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Fire jump-starts construction season.

Within minutes of reports of fire at the Denali Princess Lodge, company managers were planning for reconstruction. With tourists arriving this month, builders are working around the clock to rebuild.

Interior Alaska's construction season got an unexpectedly fast start this year, as the Denali Princess Lodge was partially destroyed by fire March 20 and a massive rebuilding effort began within 24 hours.

The leadership of Princess Tours, which owns the 282-room hotel on the Parks Highway, about a mile north of the entrance to Denali National Park, has vowed to open the lodge as planned on May 14. That decision has meant a huge boost for Fairbanks-area contractors, tradesmen and building material suppliers, as the tour company quickly committed millions of dollars to keep its season intact.

"We could build it more inexpensively if we weren't working 24 hours a day," says Dean Brown, Princess Tours' president. Their self-imposed deadline is to have the facility up and running to accommodate the first cruise ship passengers with package tours, he says, adding that Denali is a key component of the company's tours.

"Without a room at Denali for them, we can't provide their whole trip," Brown says. "If we don't have a room for them at Denali, then they don't visit Anchorage," or the rest of the state, with broad economic consequences, he says, for Princess and for all the towns the package tours visit.

The blaze, reported by an early morning passerby, is believed to have started with an oil-fired furnace in the main lobby. Hotel staff had recently arrived to prepare the complex for the tourist season, but the sprinkler system was not yet operational.

Three of the lodge's 11 buildings - including the main lobby, restaurant and office and two wings of guest rooms - were destroyed. Don Rosenberger, Princess Tours' vice president for rail operations and hotel construction, says the fire affected 156 guest rooms. The three buildings were connected by breezeways, and Brown says that part of the design will not be rebuilt as it may have helped the fire spread.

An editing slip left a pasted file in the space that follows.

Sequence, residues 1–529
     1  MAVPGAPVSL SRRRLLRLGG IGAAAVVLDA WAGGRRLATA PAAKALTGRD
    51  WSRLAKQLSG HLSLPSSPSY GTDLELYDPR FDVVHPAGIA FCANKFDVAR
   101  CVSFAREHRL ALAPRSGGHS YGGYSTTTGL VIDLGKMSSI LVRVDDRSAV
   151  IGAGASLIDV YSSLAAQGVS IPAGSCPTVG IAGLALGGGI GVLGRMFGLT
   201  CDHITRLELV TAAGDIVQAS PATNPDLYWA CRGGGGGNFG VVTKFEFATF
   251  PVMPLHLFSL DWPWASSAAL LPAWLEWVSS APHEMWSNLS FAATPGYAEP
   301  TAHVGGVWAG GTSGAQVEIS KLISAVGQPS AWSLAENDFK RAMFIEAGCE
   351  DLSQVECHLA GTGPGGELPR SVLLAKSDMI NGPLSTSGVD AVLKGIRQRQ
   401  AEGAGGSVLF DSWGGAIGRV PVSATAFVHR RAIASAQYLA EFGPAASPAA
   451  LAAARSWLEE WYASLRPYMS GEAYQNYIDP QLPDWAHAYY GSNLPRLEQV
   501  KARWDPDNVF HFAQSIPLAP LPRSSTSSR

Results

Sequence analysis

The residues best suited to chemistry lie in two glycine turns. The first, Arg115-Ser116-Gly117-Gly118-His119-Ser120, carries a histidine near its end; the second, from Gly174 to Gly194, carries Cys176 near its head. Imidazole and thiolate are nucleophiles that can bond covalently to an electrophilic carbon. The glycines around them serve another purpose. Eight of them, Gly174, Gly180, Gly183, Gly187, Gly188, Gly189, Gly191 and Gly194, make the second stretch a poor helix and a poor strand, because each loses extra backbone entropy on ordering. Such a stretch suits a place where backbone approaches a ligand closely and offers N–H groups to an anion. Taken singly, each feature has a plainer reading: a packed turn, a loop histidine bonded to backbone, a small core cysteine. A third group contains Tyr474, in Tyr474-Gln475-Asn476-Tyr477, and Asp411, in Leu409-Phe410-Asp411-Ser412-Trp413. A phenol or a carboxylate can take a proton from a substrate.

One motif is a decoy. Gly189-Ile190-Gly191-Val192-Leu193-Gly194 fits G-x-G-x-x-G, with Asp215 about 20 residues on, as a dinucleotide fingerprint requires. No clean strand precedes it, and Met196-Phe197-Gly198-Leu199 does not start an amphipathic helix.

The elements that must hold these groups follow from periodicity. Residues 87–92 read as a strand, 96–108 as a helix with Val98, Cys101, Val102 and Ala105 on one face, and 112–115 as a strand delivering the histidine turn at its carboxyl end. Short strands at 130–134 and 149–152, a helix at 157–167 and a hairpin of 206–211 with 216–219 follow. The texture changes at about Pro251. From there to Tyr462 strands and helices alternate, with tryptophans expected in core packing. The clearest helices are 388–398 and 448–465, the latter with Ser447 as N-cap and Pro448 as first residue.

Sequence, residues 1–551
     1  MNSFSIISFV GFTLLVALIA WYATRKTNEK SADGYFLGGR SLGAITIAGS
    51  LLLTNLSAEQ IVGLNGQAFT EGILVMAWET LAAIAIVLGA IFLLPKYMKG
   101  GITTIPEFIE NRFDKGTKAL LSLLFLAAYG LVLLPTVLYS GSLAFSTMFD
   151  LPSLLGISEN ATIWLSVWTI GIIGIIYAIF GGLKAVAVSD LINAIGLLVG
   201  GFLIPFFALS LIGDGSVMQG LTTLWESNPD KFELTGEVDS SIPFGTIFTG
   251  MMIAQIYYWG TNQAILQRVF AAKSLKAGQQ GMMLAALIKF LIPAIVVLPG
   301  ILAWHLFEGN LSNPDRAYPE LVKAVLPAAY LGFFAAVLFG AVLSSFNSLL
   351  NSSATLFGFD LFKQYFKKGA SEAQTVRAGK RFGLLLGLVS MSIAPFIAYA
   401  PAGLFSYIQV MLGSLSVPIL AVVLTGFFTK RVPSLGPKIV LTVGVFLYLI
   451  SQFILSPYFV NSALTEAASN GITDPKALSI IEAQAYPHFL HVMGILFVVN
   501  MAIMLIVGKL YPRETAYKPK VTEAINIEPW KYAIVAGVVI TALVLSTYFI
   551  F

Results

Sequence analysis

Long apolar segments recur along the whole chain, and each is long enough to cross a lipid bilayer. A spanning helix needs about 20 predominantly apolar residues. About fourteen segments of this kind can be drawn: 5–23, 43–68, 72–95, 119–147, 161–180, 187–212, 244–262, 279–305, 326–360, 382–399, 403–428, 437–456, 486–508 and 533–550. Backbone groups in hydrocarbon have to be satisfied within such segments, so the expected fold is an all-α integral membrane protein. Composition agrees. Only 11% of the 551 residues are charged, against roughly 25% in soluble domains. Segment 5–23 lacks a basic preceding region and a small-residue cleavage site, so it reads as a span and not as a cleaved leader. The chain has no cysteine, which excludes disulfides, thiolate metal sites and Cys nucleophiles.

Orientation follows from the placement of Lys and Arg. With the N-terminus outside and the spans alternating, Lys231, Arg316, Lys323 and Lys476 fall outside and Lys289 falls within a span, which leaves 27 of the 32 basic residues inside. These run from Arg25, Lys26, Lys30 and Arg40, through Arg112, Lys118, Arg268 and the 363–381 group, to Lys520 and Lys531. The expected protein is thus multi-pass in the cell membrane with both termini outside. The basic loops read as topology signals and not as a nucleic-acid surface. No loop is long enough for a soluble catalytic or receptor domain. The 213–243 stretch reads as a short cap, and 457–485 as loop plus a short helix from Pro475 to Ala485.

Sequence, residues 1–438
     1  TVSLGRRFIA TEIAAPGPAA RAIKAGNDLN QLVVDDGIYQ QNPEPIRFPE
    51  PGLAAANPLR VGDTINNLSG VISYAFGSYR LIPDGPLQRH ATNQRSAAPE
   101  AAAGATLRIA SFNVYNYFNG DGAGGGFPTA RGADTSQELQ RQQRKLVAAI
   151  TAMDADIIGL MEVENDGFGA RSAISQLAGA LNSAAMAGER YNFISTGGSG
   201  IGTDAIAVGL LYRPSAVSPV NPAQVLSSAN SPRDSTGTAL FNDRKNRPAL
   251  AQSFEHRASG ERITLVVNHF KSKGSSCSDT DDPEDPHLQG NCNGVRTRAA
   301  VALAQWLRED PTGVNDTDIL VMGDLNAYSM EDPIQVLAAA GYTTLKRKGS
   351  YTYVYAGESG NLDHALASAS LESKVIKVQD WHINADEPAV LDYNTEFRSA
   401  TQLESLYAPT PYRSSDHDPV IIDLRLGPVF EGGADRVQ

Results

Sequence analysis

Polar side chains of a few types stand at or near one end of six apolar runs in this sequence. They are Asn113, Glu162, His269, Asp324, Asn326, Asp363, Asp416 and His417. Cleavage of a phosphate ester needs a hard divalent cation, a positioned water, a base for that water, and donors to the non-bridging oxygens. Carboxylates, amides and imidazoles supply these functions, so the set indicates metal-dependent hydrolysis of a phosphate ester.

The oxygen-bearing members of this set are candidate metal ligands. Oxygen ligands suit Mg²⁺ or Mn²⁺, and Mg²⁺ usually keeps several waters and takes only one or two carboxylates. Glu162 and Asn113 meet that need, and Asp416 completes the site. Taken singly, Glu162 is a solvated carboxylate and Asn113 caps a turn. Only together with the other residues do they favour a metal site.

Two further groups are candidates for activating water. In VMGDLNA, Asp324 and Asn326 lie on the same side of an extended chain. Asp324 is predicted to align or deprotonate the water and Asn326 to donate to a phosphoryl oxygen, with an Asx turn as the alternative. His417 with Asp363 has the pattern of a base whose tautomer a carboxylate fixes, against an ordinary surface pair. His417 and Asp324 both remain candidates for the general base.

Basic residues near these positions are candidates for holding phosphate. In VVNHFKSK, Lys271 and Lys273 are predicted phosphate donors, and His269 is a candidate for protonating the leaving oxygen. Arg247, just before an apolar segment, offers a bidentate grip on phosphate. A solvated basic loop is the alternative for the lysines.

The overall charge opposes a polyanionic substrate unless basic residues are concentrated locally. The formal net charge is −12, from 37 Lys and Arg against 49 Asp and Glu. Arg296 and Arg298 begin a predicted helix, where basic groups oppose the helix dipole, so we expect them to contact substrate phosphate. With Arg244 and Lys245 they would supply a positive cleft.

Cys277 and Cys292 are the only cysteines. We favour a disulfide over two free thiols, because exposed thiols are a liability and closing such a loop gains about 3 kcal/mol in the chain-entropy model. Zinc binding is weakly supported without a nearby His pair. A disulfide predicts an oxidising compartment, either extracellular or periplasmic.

The company has the benefit of good timing in a certain sense: It already had the management team in place for another major construction effort, the $20 million-plus Mount McKinley Princess Lodge going up just north of Talkeetna. David Soderland, a Fairbanks native and projects engineer for Princess, was on the scene within 10 minutes of the report of fire, Rosenberger says. By the end of the day, Soderland had plans on paper for a rapid reconstruction effort.

"This incredible gear-up wouldn't have been possible without having that management team in place," Brown says. The first decision was to rebuild based on the same design, Brown says, allowing the effort to start immediately.

Rosenberger was on the scene while the rubble was still smoking, and the management team was meeting with Fairbanks contractors and signing deals by Saturday, just two days after the fire. Crews were cleaning up that afternoon.

Working around the clock, a crew of about 130 cleared the debris, prepared earthwork, poured new foundations and had framed up to the second floor on one wing in less than two weeks. "We were very fortunate that this is a kind of quiet time in construction in Alaska," Rosenberger says. Also, of the 14 or 15 contracts the company signed for the reconstruction, many went to contractors that had worked on the lodge when it was originally built in 1987 and were familiar with the work.

The fire also came at a time when Fairbanks suppliers had stock on hand for the season, and an eager labor pool was ready to go to work. "We received hundreds and hundreds of faxes from qualified people who wanted to come to work, and we just handed those over to the contractor," Rosenberger says.

"It's hard to say what the reconstruction's going to cost, exactly," Brown says, but the company's insurance adjuster estimated $10 million to $12 million without furniture or fixtures. "There were a lot of the complicated parts of the facility that were not damaged," Brown adds, including the water and wastewater plants and the laundry.

"I think the company overall works very well in a crisis," Rosenberger says, with well-developed contingency plans and emergency management teams and the experience as a large tour operator with rapid start-ups.

"Before mid-summer, things will be pretty well wrapped up," Rosenberger says.
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Title Annotation:fire on Denali Princess Lodge gives boost to Fairbanks, Alaska-area contractors
Publication:Alaska Business Monthly
Date:May 1, 1996
Previous Article:Residential resurgence: demand for new homes is strong, but builders don't want a boom if it comes with a bust.
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